Health, policing and trade on the agenda at Crawley Question Time


Crawley decision-makers discussed their plans for anti-social behaviour, health care and the town centre economy at a public event.

Some 60 townspeople heard from leaders from the borough council, Sussex Police, Crawley Clinical Commissioning Group (CCG)and Crawley Young Persons Council at Crawley Question Time at the Hawth Theatre on Wednesday (February 4).

Dr Amit Bhargava, the CCG’s chief clinical officer , disagreed with a member of the public’s suggestion of charging people for missing GP appointments. He said the town needed to take responsibility over the waste.

He said better partnerships were needed to help vulnerable people. He added co-ordination between public and voluntary services would save money.

Chief Inspector Justina Beeken said it was ‘essential’ community groups and police worked together ahead of ‘painful’ cuts which were to change how policing would be delivered in town.

A member of Crawley’s Neighbourhood Watch said communication between the voluntary group and Sussex Police had decreased.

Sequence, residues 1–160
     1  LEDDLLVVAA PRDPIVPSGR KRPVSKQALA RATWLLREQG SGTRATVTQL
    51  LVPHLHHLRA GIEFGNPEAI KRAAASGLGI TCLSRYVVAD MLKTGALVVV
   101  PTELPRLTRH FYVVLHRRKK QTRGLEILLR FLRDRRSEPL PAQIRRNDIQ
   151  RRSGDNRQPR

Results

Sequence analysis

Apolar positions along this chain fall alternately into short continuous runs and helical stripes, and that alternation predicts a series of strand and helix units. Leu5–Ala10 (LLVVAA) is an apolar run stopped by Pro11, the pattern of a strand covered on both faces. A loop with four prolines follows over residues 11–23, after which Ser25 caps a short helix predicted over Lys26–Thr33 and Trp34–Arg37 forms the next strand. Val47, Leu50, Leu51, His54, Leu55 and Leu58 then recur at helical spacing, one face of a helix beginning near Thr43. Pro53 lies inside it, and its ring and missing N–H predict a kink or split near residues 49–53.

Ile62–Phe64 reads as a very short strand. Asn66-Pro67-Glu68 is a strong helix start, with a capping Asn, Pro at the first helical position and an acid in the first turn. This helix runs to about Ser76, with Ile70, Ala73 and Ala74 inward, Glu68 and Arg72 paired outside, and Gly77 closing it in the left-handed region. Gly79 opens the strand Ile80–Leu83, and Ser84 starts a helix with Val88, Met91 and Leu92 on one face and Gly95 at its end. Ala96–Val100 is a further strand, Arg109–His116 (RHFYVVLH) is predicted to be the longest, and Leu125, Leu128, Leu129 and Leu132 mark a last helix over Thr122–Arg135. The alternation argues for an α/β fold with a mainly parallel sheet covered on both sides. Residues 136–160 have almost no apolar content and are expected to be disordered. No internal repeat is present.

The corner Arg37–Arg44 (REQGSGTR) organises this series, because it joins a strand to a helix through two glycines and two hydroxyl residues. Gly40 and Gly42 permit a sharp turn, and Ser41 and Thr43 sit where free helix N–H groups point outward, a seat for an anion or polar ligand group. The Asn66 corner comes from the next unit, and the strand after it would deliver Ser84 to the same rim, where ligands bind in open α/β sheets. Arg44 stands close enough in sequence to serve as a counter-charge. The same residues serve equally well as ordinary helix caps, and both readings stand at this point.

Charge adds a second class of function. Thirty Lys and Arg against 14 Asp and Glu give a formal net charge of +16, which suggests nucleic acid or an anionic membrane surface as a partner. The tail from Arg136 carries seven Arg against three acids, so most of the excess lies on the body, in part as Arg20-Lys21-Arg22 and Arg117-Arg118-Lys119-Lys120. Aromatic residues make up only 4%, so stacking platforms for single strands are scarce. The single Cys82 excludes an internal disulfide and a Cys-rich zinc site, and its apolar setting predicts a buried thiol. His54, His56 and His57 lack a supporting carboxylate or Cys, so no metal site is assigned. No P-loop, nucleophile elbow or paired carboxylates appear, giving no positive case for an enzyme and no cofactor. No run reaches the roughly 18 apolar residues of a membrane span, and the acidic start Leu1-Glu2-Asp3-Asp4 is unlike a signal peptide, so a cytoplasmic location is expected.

CI Beeken said the force was testing powers under the Antisocial Behaviour, Crime and Policing Act 2014 after Three Bridges residents expressed concerns.

Cllr Peter Lamb, council leader, and Cllr Duncan Crow, the opposition leader, defended plans for the town centre.

Cllr Lamb said the council was putting together an ‘economic development’ team to improve trade and other projects. The £3m Queens Square redevelopment was to focus on housing and leisure facilities.

Council action on empty units was limited because it did not own most of the buildings in the area.

Cllr Lamb said their owners had no long term plans for the spaces because keeping their rents high increased the value of their property.

Cllr Crow said: “We want it to be an attractive place where people want to come.”

Cllr Chris Oxlade, cabinet member for Community Engagement, suggested it would be used to show classical music concerts.

Sam Trumpeter, Crawley Youth Council’s vice chairman, said young people wanted leisure facilities in the square.

A young member of the audience said the museum to be built in The Tree and Annexe in the High Street, which volunteers use to help homeless people, would only benefit the privileged.